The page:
May 1977
“TRADITION MARCHES ON”  
Burnsville High School
Kanawha Alumni Association
By Susan Hoover, Class of 1915

The Board of Education acquired the 3-room academy building on the hill. It was remodeled and made four rooms and four teachers were hired: H. H. White, C. A. Wade, Mary Hamric, and Minnie Campbell. In 1907 R. Moore Dodrill was made Principal. He gave the first high school work in Burnsville, and established the high school in 1908. He was succeeded by the following principals: Goff D. Ramsey, Leo J. Hart, M. J. Squires, and B. Battle White of Virginia who served for two or three terms. During the time of B. B. White a 4-room addition was added to the academy building which was used by grades and high school.

In 1916 a bond issue carried by a large majority, and the academy building was sold for two thousand dollars ($2,000.00) and applied on the new grade and high school building. In 1920 the new building was used by grades and high school. The two present buildings were completed by 1926. The high school continued to grow through the years, and many top-rated teachers served through the years, and the high school was for many years rated among the accredited high schools of the North Central Association of Colleges and Secondary Schools.

At the present time, 1977, there is a central high school for the county and called Braxton County High School.

The first 4-year high school class to graduate was in 1915 having eight members, four of whom are living at this time, May, 1977: Living members are Ralph McKinney, in Indiana; Mary McKinney McVaney, in Georgia; Lucy Sapp Hall, in Weston; Susan McNemar, and Ida Stockert Crutchfield.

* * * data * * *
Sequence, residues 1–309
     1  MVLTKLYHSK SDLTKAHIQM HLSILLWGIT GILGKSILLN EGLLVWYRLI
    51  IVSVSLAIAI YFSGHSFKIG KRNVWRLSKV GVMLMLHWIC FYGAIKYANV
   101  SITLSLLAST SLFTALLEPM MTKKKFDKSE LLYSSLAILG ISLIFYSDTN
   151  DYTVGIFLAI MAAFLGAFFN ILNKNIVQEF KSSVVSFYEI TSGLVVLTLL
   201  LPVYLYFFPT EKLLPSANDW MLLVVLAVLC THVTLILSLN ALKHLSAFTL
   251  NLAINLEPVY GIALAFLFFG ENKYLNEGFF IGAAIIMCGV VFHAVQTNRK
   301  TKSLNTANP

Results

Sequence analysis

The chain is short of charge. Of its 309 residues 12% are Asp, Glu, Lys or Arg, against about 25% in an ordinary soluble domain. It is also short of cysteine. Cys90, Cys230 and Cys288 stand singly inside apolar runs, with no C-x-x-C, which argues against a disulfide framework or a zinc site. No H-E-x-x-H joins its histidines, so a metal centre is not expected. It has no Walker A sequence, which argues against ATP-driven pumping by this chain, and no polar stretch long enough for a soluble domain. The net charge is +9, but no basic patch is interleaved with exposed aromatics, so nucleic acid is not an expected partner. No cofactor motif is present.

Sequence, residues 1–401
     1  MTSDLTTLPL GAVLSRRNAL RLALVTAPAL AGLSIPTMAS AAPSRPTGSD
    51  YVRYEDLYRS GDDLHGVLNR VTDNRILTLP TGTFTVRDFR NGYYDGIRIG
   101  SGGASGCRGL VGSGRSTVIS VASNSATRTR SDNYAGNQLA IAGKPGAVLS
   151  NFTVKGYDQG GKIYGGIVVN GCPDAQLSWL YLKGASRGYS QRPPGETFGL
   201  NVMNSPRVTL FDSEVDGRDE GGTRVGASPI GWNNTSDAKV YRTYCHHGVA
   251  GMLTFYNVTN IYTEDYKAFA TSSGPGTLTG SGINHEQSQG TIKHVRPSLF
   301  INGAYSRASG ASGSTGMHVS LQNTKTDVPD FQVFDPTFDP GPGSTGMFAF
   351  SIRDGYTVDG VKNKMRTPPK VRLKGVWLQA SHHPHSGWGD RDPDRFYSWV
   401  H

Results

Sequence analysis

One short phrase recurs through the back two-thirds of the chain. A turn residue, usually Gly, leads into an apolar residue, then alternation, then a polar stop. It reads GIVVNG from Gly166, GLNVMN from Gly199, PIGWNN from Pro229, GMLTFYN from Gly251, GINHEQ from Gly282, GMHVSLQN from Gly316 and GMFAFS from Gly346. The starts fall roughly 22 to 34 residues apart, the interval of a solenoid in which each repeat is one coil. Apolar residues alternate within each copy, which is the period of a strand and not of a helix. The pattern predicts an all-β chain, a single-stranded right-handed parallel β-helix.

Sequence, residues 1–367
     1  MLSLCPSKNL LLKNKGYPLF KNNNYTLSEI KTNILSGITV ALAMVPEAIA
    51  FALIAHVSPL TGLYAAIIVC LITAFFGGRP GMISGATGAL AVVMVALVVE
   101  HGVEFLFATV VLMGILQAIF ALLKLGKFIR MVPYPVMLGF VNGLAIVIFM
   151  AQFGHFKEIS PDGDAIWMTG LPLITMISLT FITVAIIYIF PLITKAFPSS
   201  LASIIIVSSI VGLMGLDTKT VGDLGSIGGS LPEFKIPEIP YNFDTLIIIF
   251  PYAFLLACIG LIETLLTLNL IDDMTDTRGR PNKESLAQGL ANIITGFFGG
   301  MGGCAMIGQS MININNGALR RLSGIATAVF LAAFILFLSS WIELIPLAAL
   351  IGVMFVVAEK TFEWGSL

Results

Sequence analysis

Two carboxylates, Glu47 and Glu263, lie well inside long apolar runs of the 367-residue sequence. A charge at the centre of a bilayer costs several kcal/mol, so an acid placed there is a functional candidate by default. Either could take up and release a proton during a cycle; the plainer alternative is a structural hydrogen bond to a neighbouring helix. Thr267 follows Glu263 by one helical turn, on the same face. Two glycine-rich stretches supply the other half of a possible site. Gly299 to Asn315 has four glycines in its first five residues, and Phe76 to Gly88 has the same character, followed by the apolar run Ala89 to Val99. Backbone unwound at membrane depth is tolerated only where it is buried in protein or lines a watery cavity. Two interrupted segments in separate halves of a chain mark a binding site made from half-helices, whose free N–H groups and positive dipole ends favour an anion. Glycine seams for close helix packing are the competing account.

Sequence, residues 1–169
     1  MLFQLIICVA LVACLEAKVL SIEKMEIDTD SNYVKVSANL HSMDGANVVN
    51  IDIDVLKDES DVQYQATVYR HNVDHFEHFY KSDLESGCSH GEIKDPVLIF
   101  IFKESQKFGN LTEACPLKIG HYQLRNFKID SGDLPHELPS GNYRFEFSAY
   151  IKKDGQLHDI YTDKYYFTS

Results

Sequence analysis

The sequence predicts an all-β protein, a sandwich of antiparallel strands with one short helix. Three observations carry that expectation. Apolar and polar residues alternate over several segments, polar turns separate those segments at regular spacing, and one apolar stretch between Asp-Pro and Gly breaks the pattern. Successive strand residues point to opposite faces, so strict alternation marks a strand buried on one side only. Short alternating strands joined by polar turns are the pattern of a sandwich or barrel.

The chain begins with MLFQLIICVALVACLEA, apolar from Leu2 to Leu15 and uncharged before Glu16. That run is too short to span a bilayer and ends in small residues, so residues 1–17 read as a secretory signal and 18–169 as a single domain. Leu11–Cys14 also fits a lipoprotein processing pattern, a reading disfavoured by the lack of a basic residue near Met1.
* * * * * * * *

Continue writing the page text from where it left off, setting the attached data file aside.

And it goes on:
Prior to 1915, 2-year and 3-year classes had graduated. Among those graduating in those classes were Clyde Wellen, Draco Dodrill, William Kidd, John Ptomey, Percy Offutt, Audrey Douglass, and Ruth Dodrill.

In May, 1920, a class of four graduated: namely, Wallace Hefner, Edgar Bender, Dora Pitcher, and Ruth Herold. About May 20, 1920, a meeting was held at the home of H. B. Marshall to organize an Alumni Association. This meeting was called by Thomas I. Feeney, who suggested the name to be Kanawha Alumni Association. That name was adopted and Mr. Feeney was made an honorary member.Wallace Hefner was the first president of the Association and served as president at later times also.

Each year the graduates were added to the membership and have grown into a very large organization. Annual dinner meetings have been held each year from very early in its beginning. Annual dues increased over the years. Prominent speakers were secured at times for the meetings. At the May 28, 1977 meeting over 500 meals were served from the buildings in Burnsville. Many class reunions were held this year. Each year members come from many other states, Washington, D. C., and all over the State and surrounding community.

During the depression and at other times when funds in the Association were short and money scarce, some of the members contributed money generously to keep the Association alive through some of the very lean years. The late Claude Linger was a very active member, giving money and time to keep it alive each year. Staunton Trimble and Wallace Hefner, active members, served as president several times, also donated money generously to keep the organization active. At the present time, the association has a balance in the treasury.

This association serves as a very fine way of renewing old school ties and getting together for renewed friendship.
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